June 3, 2010
I just learned of this 2007 experiment by the Washington Post (post courtesy of The Bold Life), which can be summarized as follows:
- The Post arranged to have a man play the violin for 45 minutes in the middle of a busy DC-Metro station. The material consisted of six different works by J.S. Bach.
- Reactions from onlookers and passersby were documented, peaking at mild, short-lived interest. (Oddly enough, some of the strongest reactions seemed to come from children, whose parents were quick to scurry them along regardless…)
- In total, only six people stopped to listen and twenty gave money (grand total: $32)
- Upon completion there was no applause or acknowledgement.
The violinist was world-renowned virtuoso Joshua Bell, playing a $3.5 million Stradivarius violin (more on Bell and his extravagant instrument here). Two days prior, Bell performed a sold-out show in Boston where seats averaged $100 each.
A litany of questions and conclusions followed (“In a commonplace environment at an inappropriate hour, do we perceive beauty? Do we stop to appreciate it? Do we recognize talent in an unexpected context?…”). But for me, it brought to mind a comment from jazz pianist Bill Evans in his biography Bill Evans: How My Heart Sings, where he laments the fact that jazz music is all too often relegated to being background music for the din of conversation in a club. Bill estimated that only a very small percentage of his listeners during a performance actually picked up on the nuances and excitement of what he and his trio were playing.
The DC experiment demonstrates the importance of the listener participation. Listening to music is not a passive act, where the notes and chords wash over your ears and into your head effortlessly. To get the most out of a piece of music, and thus putting it on par with a great novel in terms of complexity and storytelling magic, the listener needs to take an active role in the process. Literature transcends entertainment as soon as you learn to read, and music can do the same when you learn to listen.
Hearing and listening are not the same thing, as the DC Metro experiment makes clear…
November 11, 2009
I was flipping through the book Everyday Tao and came across the entry for Music:
There was once a zither student whose master, frustrated by his pupil’s lack of musical progress for so many years, pronounced him unsuitable for learning. To understand how devastating this was to the young man, one must remember that playing the zither was considered a very high and demanding art, practiced only by refined and learned people. In addition, one’s master was like a parent. He or she was usually as dedicated to teaching as a parent is to rearing a child. So to be rejected by his teacher was a great shock to the student.
The master abandoned the young man on the shores of an island, leaving the student only a zither. Left to his own resources, the disappointed pupil provided first for his survival. The island, although uninhabited, had enough wild fruit and vegetables to sustain him. In the time that followed, he listened to the singing of birds, the chorus of the waves, the melodies of the wind. He spent long periods of time in meditation and musical practice. By the time he was rescued, several years later, he had become a virtuoso player and composer, far greater than his master: he had entered into Tao.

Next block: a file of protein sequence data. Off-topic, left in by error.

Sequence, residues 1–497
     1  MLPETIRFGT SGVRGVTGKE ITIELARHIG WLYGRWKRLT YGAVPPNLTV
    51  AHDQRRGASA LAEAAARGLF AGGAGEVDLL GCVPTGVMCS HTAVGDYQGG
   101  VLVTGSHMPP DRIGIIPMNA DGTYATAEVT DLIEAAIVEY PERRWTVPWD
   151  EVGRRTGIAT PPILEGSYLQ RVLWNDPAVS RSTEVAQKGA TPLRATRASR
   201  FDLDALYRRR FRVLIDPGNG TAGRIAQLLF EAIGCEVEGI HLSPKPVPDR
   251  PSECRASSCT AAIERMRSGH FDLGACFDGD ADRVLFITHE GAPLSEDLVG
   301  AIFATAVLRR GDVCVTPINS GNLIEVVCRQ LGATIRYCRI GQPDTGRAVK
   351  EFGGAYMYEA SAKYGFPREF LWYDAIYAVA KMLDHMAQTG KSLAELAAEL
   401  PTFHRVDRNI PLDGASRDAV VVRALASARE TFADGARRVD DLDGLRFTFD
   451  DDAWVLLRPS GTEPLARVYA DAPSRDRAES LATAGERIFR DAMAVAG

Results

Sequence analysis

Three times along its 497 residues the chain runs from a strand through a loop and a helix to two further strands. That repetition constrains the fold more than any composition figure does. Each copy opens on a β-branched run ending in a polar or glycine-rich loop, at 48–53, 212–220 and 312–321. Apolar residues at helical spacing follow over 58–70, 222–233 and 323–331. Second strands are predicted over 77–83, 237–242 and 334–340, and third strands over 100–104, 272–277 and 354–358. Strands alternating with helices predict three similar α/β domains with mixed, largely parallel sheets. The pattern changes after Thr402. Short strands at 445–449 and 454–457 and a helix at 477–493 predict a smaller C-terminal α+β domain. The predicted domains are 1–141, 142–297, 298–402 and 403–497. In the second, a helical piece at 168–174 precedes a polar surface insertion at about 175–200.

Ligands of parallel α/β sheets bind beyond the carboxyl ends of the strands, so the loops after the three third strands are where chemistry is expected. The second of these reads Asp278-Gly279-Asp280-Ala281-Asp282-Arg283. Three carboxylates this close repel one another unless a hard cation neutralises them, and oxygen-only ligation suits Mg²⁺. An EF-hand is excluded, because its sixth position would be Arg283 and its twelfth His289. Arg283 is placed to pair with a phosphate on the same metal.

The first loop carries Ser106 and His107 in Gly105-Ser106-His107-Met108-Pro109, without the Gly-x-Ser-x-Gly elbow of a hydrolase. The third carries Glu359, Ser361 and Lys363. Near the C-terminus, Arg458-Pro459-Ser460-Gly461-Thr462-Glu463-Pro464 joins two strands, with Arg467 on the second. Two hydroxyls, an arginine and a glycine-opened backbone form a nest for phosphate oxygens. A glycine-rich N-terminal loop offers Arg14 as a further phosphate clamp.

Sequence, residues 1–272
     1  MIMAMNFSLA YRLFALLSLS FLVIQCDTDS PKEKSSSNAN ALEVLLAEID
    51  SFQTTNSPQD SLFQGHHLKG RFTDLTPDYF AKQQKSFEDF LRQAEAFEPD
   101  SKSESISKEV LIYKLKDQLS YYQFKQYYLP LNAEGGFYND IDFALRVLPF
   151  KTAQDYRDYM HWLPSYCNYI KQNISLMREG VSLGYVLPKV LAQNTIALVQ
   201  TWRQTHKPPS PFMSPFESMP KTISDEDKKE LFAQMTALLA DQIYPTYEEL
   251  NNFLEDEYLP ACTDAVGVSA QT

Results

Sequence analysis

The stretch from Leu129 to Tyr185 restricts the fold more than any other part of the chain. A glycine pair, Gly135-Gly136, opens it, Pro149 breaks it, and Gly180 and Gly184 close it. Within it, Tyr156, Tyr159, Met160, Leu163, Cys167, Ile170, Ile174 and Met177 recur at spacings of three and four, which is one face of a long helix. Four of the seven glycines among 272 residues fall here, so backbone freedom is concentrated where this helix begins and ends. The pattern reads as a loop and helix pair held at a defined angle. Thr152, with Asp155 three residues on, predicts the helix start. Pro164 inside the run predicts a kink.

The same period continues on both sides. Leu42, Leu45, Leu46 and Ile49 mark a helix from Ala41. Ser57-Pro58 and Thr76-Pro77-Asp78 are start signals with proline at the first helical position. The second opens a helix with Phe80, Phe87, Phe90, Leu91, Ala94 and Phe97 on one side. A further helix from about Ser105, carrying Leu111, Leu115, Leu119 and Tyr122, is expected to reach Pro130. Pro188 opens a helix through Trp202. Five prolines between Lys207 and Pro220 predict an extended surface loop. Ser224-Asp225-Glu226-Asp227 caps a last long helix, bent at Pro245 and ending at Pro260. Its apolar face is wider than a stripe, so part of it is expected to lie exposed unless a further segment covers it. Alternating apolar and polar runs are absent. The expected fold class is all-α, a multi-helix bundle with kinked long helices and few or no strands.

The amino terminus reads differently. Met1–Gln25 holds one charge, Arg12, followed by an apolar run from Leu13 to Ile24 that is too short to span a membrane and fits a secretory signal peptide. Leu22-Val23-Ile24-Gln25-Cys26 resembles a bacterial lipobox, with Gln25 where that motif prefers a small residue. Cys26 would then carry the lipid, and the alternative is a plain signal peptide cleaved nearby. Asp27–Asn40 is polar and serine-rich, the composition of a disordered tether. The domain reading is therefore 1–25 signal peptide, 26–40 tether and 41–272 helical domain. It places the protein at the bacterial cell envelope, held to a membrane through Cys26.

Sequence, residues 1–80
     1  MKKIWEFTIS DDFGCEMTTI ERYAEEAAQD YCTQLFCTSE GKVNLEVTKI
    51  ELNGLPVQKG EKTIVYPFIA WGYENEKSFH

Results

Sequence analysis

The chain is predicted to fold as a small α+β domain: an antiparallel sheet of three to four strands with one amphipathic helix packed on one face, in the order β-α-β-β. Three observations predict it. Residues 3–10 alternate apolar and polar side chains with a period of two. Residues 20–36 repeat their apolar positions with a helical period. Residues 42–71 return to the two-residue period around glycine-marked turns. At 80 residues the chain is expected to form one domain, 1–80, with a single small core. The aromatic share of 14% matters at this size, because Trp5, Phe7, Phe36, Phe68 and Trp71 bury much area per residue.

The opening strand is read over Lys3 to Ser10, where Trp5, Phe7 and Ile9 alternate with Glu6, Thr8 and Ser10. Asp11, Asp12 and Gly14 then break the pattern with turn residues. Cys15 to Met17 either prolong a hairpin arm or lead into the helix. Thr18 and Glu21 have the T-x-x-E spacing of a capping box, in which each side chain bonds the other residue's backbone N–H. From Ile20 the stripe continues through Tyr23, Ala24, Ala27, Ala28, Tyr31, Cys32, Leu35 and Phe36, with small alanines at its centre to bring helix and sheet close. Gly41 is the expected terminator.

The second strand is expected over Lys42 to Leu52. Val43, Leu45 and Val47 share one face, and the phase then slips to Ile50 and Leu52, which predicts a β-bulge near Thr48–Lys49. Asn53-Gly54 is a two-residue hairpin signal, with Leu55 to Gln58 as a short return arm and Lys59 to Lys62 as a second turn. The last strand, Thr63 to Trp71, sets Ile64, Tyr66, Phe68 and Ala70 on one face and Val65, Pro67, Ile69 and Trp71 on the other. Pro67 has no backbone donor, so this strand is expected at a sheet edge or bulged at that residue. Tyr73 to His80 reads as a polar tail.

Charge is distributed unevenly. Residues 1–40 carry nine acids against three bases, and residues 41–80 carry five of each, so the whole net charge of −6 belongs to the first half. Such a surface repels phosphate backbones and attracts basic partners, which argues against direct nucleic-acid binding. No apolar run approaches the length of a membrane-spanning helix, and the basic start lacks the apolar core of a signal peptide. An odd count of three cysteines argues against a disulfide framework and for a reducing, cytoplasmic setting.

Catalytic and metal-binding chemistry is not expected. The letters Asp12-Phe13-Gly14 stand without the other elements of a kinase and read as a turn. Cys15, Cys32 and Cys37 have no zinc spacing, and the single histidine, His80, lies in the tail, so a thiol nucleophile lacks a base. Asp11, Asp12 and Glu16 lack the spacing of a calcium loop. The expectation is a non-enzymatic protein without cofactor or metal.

And so it is with us. We need teaching. But there is a point beyond which teaching cannot provide for us. Only direct experience can give us the final dimensions we need. That means learning from nature, and learning from ourselves. As long as we remember that, there can be no mistake.
So start playing.
June 12, 2009
The website for the band Concave Scream (I have never heard of them before either…) is astounding. Crank up your speakers, click the link, and get lost in it all. It’s pure inspiration: Soundtrack for a Book
Tip: Play with the levels in the upper-righthand corner!
(Post courtesy of Daily Exhaust)
April 10, 2009
“It’s part of the human condition. People like to see things grow.”
This was a line spoken at a presentation I attended recently, and it struck me as the truest thing you could say about human nature.
People like to see things grow.
Musicians want a larger fanbase. Business owners want to grow their business for eventual sale/IPO. Readers like to grow their book collection. Gamers like to get high scores. Gardeners like seeing their plants grow. Parents are proud of seeing their kids grow.
Growing is a sign of health and superiority. If something is growing, then it is usually agreed to be doing well for itself. Growth is a sign of success but, more importantly, seeing things grow is a pleasurable experience. How else can you explain the success of the Tamagotchi, The Sims, The Million Dollar Homepage, or body building? Even more, why do you think mankind’s collective unconscious is obsessed with the Tree of Life?
Consider this: creative entrepreneurs (artists, dancers, actors, writers…) and traditional business owners alike often achieve success, a comfortable living, money to support a family and hobbies, and enough socked away in savings or retirement, yet they still have the desire to grow further. Why grow for the sake of growth? Why continue to press for bigger-and-better when your present achievements are fulfilling, stress-free, and comfortable? Why grow a company to 200 employees when it is currently experiencing profound success with 50? Why buy a 3-bedroom house when your current two-bedroom is more than enough?
Because people like to see things grow.
Though this is human instinct at work, I try not to fall prey to this mindset too often. And I’m not the only one. For further reading, check out the great book by Bo Burlingham, Small Giants: Companies That Choose to Be Great Instead of Big.